Amway Image courtesy of Wikimedia Commons
By Chris Vespoli


AWKWARD NEW YORK is a weekly column about the uncomfortable experiences of Chris Vespoli in and around NYC. Every Tuesday is another cringe-worthy account, from being fat shamed by a Dunkin’ Donuts employee to crashing Fashion Week.

Back before I was married, and was significantly less happy with my life, I used to do a lot more stand-up. You know, the type of comedy that’s less pretentious than improv but more socially alienating than sketch. I managed to make money with my jokes twice early on in my career — even opening for an established comic or two — but getting paid is largely a rarity in the world of beginner-level stand-up, and the coveted “paid gig” quickly became my white buffalo I’d incessantly chase, and by “chase” I mean sit on my ass, waiting for one to fall into my lap.

I thought that very thing had happened when I received a Facebook message out of the blue from someone whose name I didn’t recognize (let’s call him Marvin for our purposes), informing me that his company was looking for a person with a performance background, and who was interested in making some extra money part-time. There was no mention of comedy, but in my delusional, desperate mind I automatically assumed this was going to be one of those lucrative corporate comedy gigs that would be just the spark my career needed.

I was wrong. It was actually an Amway scam.

For those of you who don’t normally fall prey to alleged pyramid schemes, Amway is a direct-selling, multi-level marketing company where people supposedly make money two ways: by selling “exclusive” products to their friends on a markup and by earning points when those friends they’ve pressured into selling products of their own, sell products. Since the company’s reputation precedes it, a person who’s designing to indoctrinate you never actually says they’re involved with Amway until the last possible minute. For me, that person was Marvin. I smelled shit in the water, but since he had offered to treat me to coffee, and I was planning on hitting an open mic in his area that night anyway, I thought it would be entertaining, and at the least, make for some good material.

I was wrong again. It was one of the most uncomfortable meetings of my life.

Marvin and I met at the Astor Place Starbucks on a March night. It was pretty busy, but we managed to squeeze in amongst the over-privileged NYU kids who infested the entire storefront. After exchanging a few pleasantries, Marvin launched into his sales pitch. He asked me how much I spent on paper goods each month. It was the first time a man had asked me how much it cost me to wipe my ass, but I humored him. With a shyster-y grin on his face, he explained how I could save truckloads if, instead of buying toiletries, tissues, paper towels, and the like from CVS or Duane Reade, I bought from Amway. And that if I encouraged my friends and family in my social networks to buy those goods from my own virtual Amway “store,” I would stand to make some serious money. How much money? Marvin showed me a screenshot of his bosses’ earnings, which, if I recall correctly, topped out in the thousands of dollars for just a single week. It was like that scene in The Wolf of Wall Street where Jonah Hill tells Leonardo DiCaprio that he’ll quit his job and come work for him if DiCaprio showed him a pay stub for $72,000. But unlike Jonah Hill, I knew the whole thing was built on lies and deception…and I’m not as fat as he is…yet.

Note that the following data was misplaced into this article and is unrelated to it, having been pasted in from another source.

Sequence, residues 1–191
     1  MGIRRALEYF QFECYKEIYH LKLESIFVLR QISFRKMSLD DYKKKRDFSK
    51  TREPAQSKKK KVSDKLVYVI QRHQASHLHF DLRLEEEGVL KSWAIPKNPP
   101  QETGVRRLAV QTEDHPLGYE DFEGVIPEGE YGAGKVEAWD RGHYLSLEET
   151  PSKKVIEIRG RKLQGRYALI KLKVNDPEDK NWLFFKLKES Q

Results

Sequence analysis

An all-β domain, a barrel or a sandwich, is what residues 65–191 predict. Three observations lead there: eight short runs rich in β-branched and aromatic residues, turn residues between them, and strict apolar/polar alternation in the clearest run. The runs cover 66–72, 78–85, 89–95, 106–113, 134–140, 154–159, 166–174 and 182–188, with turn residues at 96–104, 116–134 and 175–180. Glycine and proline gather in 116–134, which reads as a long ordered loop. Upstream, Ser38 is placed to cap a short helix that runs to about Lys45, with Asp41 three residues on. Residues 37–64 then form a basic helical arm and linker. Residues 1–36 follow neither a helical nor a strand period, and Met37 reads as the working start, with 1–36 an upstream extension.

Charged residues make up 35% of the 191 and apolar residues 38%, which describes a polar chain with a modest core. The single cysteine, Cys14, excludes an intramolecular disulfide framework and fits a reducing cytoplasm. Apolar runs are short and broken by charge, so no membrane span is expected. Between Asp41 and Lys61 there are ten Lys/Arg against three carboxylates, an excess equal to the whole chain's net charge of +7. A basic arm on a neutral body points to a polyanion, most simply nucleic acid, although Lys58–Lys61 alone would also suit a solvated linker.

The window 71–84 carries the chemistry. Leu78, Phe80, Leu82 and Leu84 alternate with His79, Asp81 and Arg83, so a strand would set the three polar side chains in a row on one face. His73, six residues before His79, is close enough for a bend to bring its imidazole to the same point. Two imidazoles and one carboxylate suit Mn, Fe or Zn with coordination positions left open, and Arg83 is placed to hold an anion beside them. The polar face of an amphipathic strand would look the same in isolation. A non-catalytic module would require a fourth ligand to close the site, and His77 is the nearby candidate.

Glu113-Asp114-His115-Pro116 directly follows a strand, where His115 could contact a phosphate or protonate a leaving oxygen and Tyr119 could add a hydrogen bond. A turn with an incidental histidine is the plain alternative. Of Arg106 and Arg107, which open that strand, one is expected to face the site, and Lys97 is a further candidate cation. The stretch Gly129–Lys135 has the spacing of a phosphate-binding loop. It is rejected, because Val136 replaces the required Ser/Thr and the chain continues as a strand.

I listened to the rest of Marvin’s pitch, thanked him for the coffee, and left with the promise that “I’ll think about all of this and get back to you either way.” I don’t think I ever did. As much as I knew it was a scam, I couldn’t bring myself to call Marvin out on it, because I’m a pussy. I’m a pussy who, despite talking a big game, seeks to avoid conflict whenever possible — not because I’m afraid of what the other person may say or do, but because of just how uncomfortable it is to watch someone squirm. As much as Robert Durst deserved to be outed as the probable killer of his friend in The Jinx, I don’t think I could have stomached putting the evidence in front of his face like the documentary’s producers did. I probably would’ve just asked him some advice on how to talk down a broker fee on an apartment and sent him on his way.

But Marvin was no Robert Durst (I hope). He was just a dude, no older than I, trying to make a buck shoveling bullshit. After reading this article, and my many columns I’ve written for this very site, I’m not one to talk.


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